Iaido training, in my humbled opinion, is one of those pieces. Primarily, its esoteric, ritualized patterns act as tools for self-reflection: Iaido as a highly structured vehicle for personal growth through a small scale struggle with pride, ego, social relations, and physical training. Sure, I sometimes talk about the effectiveness of X, Y, Z but only in the context of what I was taught, and what seems to make sense. None of this talk is based in any experience with sword combat so really, when you take away the rhetoric, we're talking a whole lot about what's been passed down and trusting in that. Way more importantly, in my approach, is letting go of Iaido through the combat effectiveness angle and focussing intensively on the training as Life Skills, as personal betterment, to be repetitive with different lingo here. This has removed the stress I once had with the combat side of Iaido. I really spend little time on this. Heck, sensei to sensei and year to year uke nagashi becomes something slightly different because "if you do this, then this", for example, could be used incessantly (and I think I'm saying this is the case!) tedious as it is. Key here, and this has been my MOST important lesson and probably will be for life, is to trust in your ONE sensei and do what he tells you do for as long as he is sensei, and that should be for life. What other sensei say is great and you do what they say at the time they say it. Go back to the dojo, keep that info for reference and continue with what your first sensei told you to do. One's Iaido will grow from this humility and experiences with other sensei inevitably. This is why, I believe, sensei are not interested in making 'mini-mes'.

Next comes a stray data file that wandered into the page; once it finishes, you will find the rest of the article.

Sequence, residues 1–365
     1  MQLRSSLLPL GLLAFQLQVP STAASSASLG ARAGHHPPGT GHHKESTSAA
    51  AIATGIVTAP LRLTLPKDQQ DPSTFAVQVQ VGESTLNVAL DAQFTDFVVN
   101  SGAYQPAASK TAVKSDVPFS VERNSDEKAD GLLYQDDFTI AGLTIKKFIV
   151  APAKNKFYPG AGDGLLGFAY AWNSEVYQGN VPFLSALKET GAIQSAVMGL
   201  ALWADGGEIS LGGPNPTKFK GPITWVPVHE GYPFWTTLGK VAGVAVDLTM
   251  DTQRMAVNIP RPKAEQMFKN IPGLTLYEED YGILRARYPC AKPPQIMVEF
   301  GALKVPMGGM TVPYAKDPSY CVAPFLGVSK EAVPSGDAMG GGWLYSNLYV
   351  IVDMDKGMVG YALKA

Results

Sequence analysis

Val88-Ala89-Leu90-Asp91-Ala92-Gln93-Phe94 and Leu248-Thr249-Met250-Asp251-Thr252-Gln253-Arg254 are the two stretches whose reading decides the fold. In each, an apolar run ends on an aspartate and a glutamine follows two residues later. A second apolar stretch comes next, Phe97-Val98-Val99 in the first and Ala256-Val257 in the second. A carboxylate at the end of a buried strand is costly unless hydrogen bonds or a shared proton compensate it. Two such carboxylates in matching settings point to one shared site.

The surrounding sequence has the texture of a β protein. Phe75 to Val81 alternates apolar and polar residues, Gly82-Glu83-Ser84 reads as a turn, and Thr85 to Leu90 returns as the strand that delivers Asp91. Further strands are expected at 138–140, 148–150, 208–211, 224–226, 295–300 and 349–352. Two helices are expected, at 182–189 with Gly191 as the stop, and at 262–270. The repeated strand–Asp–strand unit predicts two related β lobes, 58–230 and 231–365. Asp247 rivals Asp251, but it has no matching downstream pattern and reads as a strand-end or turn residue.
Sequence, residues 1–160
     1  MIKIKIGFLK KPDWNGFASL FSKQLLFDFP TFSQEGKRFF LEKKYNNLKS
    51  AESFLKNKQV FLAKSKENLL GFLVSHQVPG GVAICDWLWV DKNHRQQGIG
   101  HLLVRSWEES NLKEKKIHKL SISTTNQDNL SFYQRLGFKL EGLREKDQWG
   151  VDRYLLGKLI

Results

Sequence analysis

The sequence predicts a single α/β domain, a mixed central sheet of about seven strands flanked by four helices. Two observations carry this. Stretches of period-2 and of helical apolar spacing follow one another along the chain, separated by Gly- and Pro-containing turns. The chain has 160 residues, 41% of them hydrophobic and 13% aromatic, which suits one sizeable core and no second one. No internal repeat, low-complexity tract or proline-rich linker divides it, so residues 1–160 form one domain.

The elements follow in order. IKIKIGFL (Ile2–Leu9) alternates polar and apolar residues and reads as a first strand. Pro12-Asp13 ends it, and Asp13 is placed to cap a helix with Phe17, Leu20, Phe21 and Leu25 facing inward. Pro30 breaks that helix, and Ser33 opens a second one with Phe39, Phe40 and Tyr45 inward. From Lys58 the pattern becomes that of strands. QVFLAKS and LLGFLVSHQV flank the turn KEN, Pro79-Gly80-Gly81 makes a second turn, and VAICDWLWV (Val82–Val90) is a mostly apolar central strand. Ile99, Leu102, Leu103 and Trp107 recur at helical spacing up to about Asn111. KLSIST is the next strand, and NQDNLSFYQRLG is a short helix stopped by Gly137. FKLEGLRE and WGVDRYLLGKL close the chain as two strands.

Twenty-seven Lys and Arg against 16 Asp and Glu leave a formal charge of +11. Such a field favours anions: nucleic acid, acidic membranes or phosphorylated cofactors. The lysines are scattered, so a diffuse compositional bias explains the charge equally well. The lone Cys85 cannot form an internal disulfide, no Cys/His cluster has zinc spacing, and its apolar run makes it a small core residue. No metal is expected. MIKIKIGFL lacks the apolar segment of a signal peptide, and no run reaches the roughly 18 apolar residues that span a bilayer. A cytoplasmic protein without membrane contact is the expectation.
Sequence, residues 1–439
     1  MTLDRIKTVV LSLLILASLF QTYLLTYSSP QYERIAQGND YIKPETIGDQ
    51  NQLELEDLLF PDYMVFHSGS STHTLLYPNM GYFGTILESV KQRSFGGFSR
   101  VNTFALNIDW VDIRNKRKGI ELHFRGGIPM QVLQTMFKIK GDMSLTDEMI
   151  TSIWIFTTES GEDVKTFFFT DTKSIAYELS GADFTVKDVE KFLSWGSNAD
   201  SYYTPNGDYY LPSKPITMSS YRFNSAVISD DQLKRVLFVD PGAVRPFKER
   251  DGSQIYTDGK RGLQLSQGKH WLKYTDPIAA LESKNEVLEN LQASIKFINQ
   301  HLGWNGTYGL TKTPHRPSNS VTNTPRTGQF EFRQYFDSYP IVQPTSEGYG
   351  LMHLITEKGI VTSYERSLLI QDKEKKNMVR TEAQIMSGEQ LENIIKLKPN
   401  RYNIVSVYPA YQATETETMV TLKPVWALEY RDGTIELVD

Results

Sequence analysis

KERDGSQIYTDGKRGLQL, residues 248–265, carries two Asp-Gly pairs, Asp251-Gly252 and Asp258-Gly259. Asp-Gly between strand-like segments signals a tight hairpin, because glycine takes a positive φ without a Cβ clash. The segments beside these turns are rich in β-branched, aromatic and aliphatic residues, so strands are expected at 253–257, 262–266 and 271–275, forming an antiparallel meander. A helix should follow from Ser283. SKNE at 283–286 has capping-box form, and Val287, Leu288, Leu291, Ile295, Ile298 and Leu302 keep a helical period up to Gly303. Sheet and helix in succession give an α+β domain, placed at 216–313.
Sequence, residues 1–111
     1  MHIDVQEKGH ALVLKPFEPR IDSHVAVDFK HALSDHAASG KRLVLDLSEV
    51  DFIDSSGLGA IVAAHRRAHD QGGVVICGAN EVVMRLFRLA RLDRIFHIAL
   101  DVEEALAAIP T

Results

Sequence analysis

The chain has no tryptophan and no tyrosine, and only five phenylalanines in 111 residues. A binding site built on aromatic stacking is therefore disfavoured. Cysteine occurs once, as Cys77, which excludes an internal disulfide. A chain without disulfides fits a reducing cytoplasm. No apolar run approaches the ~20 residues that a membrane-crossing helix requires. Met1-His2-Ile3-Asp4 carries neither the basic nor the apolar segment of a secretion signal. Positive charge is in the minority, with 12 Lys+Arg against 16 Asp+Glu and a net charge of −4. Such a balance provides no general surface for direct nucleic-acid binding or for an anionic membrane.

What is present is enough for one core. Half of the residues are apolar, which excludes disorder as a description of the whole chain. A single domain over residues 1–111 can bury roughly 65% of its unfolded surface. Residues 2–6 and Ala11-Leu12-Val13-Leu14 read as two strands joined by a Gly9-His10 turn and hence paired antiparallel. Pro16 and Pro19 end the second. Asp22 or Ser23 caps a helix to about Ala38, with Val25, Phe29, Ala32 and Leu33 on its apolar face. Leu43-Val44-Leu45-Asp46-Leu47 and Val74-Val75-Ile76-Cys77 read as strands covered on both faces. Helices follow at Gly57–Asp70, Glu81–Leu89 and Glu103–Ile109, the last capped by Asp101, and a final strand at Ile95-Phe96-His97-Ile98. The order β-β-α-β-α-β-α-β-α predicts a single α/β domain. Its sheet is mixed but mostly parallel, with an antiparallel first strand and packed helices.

Thanks Jeff for being patient with my short reply.
Chris Gilham

6:38 PM